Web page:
You want hardness to resist cuts from sharp chips and not allow liquids to penetrate
          I used Polane HS Plus, which is a 2-part isocyanate polyurethane enamel. It's hard as glass, and seems to be immune to chemicals, but unfortunately it's very brittle. I've heard the folks who've used Polane have similar issues, including Don.

          When I paint my Atlas 7B, I'm going to try the marine urethane that several guys in the 10EE forum are using. Goes on with perfect gloss on the first shot, no orange peel or color sanding.
          "Twenty years from now you will be more disappointed by the things that you didn't do than by the ones you did."

          Comment


          • #6
            Some folks have had good results with tractor paint, from, of course, Tractor Supply.

            Comment


            • #7
              I'll second the tractor paint. I believe that Vallspar or someone like that makes it for Tractor supply. They sell a hardener/gloss enhancer that is mixed in and that stuff really kicks the paint up. I forgot who it was on this forum, but he did his Monarch in TractorS Kubota orange and it was just stunning.

              Comment


              • #8
                As with any paint job the secret to success in machine tools is about 80% preparation, 20% painting.

                If the previous paint job is flaking off you need to remove it all before you procede. The bond with the ubderlying coating has either failed or was never bonded in the first place. Scrape off as much as you can following the scraper with the shop vac hose to suck up all loose paint. Paint remover is a good idea provided it's methyl chloride based not casitic.

                It sound to me the OP went after his lathe like it was a fence or a barn without sensitive workings. By now it may be prudent to dissassemble the machine to ensure no paint debris, chemicals, or abrasives got into the working parts.

                Once you are down to sound paint, patch prime, blend, and brush paint using foil and masking to protect working parts and bright work from accidental coating. Spraypaining works fine on machine tools but all that masking and clean-up is a huge hassle. A brush is much more selective.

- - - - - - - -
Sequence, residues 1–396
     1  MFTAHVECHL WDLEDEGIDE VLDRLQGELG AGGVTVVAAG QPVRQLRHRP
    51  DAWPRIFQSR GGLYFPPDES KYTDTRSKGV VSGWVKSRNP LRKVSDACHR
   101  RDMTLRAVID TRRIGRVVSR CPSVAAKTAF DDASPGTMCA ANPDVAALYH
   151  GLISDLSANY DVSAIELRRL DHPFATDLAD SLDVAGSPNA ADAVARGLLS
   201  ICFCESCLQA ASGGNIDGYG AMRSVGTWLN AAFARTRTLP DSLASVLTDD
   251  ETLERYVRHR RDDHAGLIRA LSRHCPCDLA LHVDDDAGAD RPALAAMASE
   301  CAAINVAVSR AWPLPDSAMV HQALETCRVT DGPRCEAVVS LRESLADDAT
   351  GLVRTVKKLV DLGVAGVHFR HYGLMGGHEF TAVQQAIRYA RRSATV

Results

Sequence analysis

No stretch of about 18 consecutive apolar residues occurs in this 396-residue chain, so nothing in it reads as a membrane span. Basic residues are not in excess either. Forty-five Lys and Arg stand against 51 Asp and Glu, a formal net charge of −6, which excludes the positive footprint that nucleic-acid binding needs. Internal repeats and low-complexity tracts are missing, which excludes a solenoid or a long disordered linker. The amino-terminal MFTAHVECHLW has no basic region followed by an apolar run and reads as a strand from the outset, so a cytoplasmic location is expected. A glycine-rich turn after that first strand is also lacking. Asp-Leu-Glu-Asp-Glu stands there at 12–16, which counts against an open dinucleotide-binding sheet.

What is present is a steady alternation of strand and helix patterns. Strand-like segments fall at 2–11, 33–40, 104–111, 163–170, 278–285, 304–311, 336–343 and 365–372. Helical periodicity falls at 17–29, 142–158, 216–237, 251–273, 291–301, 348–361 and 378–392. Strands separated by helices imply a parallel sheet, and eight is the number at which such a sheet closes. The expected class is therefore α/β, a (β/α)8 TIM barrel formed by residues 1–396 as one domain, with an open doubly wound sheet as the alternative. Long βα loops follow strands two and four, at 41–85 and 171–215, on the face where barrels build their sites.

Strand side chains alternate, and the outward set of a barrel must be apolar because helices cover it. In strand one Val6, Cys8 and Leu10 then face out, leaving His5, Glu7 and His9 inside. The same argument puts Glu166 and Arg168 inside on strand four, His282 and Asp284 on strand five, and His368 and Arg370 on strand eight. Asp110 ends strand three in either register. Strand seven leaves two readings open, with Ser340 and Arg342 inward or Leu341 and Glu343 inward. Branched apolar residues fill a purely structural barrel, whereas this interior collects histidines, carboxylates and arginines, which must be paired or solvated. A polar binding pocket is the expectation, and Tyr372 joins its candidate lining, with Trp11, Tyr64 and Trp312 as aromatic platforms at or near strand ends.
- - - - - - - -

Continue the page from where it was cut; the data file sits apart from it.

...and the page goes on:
Let the paint job be neat and soundly applied but not fussy or overly expensive. Remember that a machine tool if properly used abrades away paint in areas of chip-wash. It's a machine tool intended for productive work not a show car kept pretty to impress witless yokels you don't even know.

                I've been in shops were everything is hyper neat and in place, no work is in progress, and so-on until you are forded to the conclusion the guy's hobbu is a pretty shop not to actually make stuff. I admire a shop that's neatly kept, organized, but obviously in use judging from projects in progress and drawings pinned to walls.

                Then there is my shop a sea of chaos and round tuit work. I'm supposed to be a faultless guru but my shop looks like a junkyard. Why izzat?

                Comment


                • #9
                  For inspiration in painting your Clausing check out this post:

                  http://bbs.homeshopmachinist.net/sho...=clausing+4900


                  Michael

                  Comment


                  • #10
                    Slightly OT: but you should NOT use compressed air/duster cans to clean a lathe/mill, it WILL blow chips deeper into the machine into places you don't want. Use a brush and vacuum insted. Yea it won't get perfictly clean, but for anything that needs the extra cleanness (the ways) you wipe down with a way oil soaked rag (cleans ways AND reoils them! bonus)